Book Review: Oscar Hijuelos' winner of the 1990 Pulitzer Prize for Fiction, The Mambo Kings Play Songs of Love
Only his second book, The Mambo Kings Play Songs of Love made Hijuelos, in 1990, the first Hispanic to win the Pulitzer Prize for Fiction. The title of the novel comes from the fictional LP featured in the book, The Mambo Kings Play Songs of Love, and the novel, as well as employing the confounding gimmick of opening "in media res," is structured with an A side and a B side which, even more clearly in retrospect, has some nice metafictional qualities. (For more on that I think I’d need to visit a local brew pub and go a few rounds with any interested parties.)
The main thing I took away from Hijuelos’ story is that regrets are inevitable, which is, a bit oddly, comforting. Sometimes concrete things will be there to be pointed out as regretful. For example, in the novel, a failure to visit parents enough, a mistreatment of a spouse, a Communist revolution. Sometimes regrets will come in spite of the many good things life has given one (like a dollop of fame, admiring friends, continual gainful employment) and one may find oneself sitting in a ratty hotel wondering, “What if?”
The movie version of this book in 1992 starred a young Antonio Banderas. Young? He was 32. At the ripe old age of 38 (the same age as Hijuelos when he finished this novel) 32 seems young … at least significantly “younger.” (I do refer to myself as “middle-aged,” half-jokingly, but only half.) What regrets do I already have? What regrets am I incubating? Where does this road I’m traveling actually end up? Life, unlike novels, seems to only reveal answers to those sorts of questions at the end. We animates don’t have the luxury of “in media res” to aid in giving perspective to past choices and events and the groove we’re running in doesn’t allow room for an omniscient narrator describing to us where we’re at on the A side or B side. We just know that we’re playing till the end, whenever that is, and that being in the “middle of things”/in media res is less fancy than it sounds and wins almost none of us a significant literary prize. But then, listen to me being so desultory. At least, from within the groove we reside and have the chance to live in the present (much like the title of this novel I’m ostensibly reviewing) and make some music for a little while. I mean, if regrets are kind of inevitable anyway, we might as well enjoy the spin.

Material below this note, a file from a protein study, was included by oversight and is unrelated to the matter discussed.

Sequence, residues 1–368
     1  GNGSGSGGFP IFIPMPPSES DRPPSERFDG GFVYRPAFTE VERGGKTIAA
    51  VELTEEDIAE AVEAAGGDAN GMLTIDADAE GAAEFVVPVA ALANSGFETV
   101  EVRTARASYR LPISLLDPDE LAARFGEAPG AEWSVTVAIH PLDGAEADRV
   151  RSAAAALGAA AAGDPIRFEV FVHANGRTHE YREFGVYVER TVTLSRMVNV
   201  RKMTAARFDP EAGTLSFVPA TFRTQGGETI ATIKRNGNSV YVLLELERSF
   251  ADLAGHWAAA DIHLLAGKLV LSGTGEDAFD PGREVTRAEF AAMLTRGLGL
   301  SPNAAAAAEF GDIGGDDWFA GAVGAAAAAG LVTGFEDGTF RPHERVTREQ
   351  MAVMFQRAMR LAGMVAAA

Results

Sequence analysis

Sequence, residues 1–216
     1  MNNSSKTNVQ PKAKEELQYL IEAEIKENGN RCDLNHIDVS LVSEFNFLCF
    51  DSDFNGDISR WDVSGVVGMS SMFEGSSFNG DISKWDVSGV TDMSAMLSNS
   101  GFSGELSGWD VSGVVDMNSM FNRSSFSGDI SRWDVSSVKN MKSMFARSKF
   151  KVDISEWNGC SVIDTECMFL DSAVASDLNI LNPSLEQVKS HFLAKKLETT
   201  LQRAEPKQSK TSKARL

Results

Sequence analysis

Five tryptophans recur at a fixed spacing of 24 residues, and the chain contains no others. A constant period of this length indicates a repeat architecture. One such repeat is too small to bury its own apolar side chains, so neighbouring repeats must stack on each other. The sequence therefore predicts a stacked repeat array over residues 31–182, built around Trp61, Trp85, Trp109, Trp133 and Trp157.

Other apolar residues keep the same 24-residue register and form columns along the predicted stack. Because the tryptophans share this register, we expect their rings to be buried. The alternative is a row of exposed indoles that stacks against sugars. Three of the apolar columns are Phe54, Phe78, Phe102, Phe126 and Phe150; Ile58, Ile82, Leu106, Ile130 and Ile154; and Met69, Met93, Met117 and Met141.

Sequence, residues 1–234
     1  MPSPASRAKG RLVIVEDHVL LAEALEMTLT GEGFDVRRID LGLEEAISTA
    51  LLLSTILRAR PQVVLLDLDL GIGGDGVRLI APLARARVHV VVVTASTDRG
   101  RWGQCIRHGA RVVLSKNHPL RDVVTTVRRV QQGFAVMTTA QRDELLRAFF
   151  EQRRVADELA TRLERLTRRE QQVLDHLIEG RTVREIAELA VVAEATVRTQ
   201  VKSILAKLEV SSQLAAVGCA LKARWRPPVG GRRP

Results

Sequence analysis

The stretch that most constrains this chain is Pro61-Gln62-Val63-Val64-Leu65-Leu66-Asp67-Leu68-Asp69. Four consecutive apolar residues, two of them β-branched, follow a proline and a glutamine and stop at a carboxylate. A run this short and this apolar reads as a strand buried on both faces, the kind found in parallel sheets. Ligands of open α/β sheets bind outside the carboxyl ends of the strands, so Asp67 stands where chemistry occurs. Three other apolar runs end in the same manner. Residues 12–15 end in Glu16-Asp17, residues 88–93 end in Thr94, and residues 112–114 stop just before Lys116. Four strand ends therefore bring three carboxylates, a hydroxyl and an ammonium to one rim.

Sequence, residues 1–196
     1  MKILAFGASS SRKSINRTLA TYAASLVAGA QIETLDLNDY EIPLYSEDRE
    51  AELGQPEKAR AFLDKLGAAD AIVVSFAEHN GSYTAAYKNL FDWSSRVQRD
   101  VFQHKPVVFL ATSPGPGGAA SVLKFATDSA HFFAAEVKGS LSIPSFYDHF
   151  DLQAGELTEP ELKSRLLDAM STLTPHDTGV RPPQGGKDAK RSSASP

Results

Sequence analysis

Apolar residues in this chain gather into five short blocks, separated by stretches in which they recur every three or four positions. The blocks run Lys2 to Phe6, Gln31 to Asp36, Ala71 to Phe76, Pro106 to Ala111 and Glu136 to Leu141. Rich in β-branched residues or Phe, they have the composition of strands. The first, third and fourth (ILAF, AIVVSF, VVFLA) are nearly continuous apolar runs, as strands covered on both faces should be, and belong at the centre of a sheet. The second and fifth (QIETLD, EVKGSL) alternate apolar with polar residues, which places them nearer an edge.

Craig B is a thirty-something lover of books, movies, and rock and roll whose grandmother still worries that he might not be eating enough. (Love you, Grandma!) He lives with his charming wife in the small town of Berne, IN (in sight of the clock tower) where he busies himself keeping the Roses of Sharon in check and training his chinchilla in the ancient arts of the Ninja. Craig’s current favorite book is Buddenbrooks
by Thomas Mann.